Pedro Sánchez addressed the lower house of the Spanish parliament Monday, ahead of the first of two chances he will have this week to earn an endorsement from lawmakers to form a government.
While Sánchez said "my hand is open" to join forces with the anti-austerity United We Can party, he and United We Can leader Pablo Iglesias both acknowledged they remained far from reaching a governing coalition deal and time was running out.
"We have seen that it is not easy for us to reach an agreement," Sánchez told United We Can's parliament members while Iglesias glumly slouched in his seat.
"It is up to us to keep working and see this through. And then we will have the opportunity to move forward with that which unites us, which are the promises of the left, a society of men and women living in harmony with nature," Sanchez continued.
Given the overlap of the parties' positions on issues like raising the minimum wage and spending more on education, the main stumbling block was how many and which government ministries the Socialists would give to United We Can politicians.
As the exchanges in parliament turned testy, Iglesias accused Sánchez of wanting United We Can as a coalition partner that lacked any real power or what he considered important posts in the Cabinet.
Iglesias concluded his final speech of the day by berating the Socialists for refusing to cede control of the defense, interior, justice and foreign affairs ministries, as well as important positions in the labor and environment ministries.
"I have to ask you to respect the 3.7 million people who voted for United We Can," Iglesias said. "Do not ask us to be mere decoration for your government because we will not tolerate that."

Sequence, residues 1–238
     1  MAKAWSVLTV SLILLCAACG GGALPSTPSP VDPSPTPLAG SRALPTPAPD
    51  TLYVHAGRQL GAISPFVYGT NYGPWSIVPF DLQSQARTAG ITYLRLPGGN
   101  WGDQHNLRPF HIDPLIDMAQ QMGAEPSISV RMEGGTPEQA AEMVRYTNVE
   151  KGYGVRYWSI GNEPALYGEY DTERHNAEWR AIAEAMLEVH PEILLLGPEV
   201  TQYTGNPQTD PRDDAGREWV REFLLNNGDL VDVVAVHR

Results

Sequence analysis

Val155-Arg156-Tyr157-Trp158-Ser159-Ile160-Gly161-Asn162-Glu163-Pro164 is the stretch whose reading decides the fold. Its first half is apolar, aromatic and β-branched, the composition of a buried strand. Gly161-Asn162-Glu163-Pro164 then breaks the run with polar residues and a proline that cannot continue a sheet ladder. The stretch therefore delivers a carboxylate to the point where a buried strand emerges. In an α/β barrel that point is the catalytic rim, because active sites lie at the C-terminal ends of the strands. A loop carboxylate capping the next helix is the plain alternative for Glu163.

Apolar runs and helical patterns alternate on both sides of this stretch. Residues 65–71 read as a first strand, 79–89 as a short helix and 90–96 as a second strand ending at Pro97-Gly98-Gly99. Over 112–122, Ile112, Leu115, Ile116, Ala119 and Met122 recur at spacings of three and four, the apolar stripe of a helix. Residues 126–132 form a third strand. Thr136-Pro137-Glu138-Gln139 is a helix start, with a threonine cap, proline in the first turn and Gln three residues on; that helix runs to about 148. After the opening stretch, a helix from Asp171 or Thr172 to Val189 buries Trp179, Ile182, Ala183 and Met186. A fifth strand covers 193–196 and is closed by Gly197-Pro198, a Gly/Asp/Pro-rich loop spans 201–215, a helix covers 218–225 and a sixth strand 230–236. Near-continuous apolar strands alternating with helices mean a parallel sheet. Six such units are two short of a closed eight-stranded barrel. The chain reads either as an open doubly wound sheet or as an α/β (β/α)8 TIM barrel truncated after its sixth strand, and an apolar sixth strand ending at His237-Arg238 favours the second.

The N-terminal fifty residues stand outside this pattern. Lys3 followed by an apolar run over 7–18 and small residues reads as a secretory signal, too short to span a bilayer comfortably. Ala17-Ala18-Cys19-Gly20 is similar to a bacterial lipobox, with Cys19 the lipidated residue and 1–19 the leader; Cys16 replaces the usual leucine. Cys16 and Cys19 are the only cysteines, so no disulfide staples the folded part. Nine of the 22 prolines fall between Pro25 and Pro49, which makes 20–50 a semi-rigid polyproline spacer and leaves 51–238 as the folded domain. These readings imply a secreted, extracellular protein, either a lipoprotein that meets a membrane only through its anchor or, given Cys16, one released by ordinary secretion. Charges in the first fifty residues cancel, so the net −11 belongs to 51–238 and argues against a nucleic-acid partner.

Sánchez countered by asking the party's lawmakers to "think hard about voting against a Socialist government, if at the end we are deadlocked."
Sánchez's Socialists won 123 seats in a April 28 general election but need the support of United We Can's 42 lawmakers and other smaller parties to stay in power.
After weeks of stalled negotiations between Sánchez and Iglesias, the latter accepted the Socialists' condition that he couldn't form part of a new Cabinet. That sparked a rushed series of talks and optimistic messages by the Socialists that a deal was close.
But with Sánchez's first chance to win the backing of parliament set for Tuesday, uncertainty and distrust simmered between the two would-be partners.
Sánchez needs support from an absolute majority, or 176 of 350 lawmakers. If he fails on that first bid, there would be a second vote with a lower bar on Thursday. He would need just more "Yes" than "No" votes in that case.
If he fails on both attempts, a two-month countdown starts for a government to be formed before a new election would be triggered.
Wilson contributed from Barcelona, Spain.
Copyright 2019 The Associated Press. All rights reserved. This material may not be published, broadcast, rewritten or redistributed.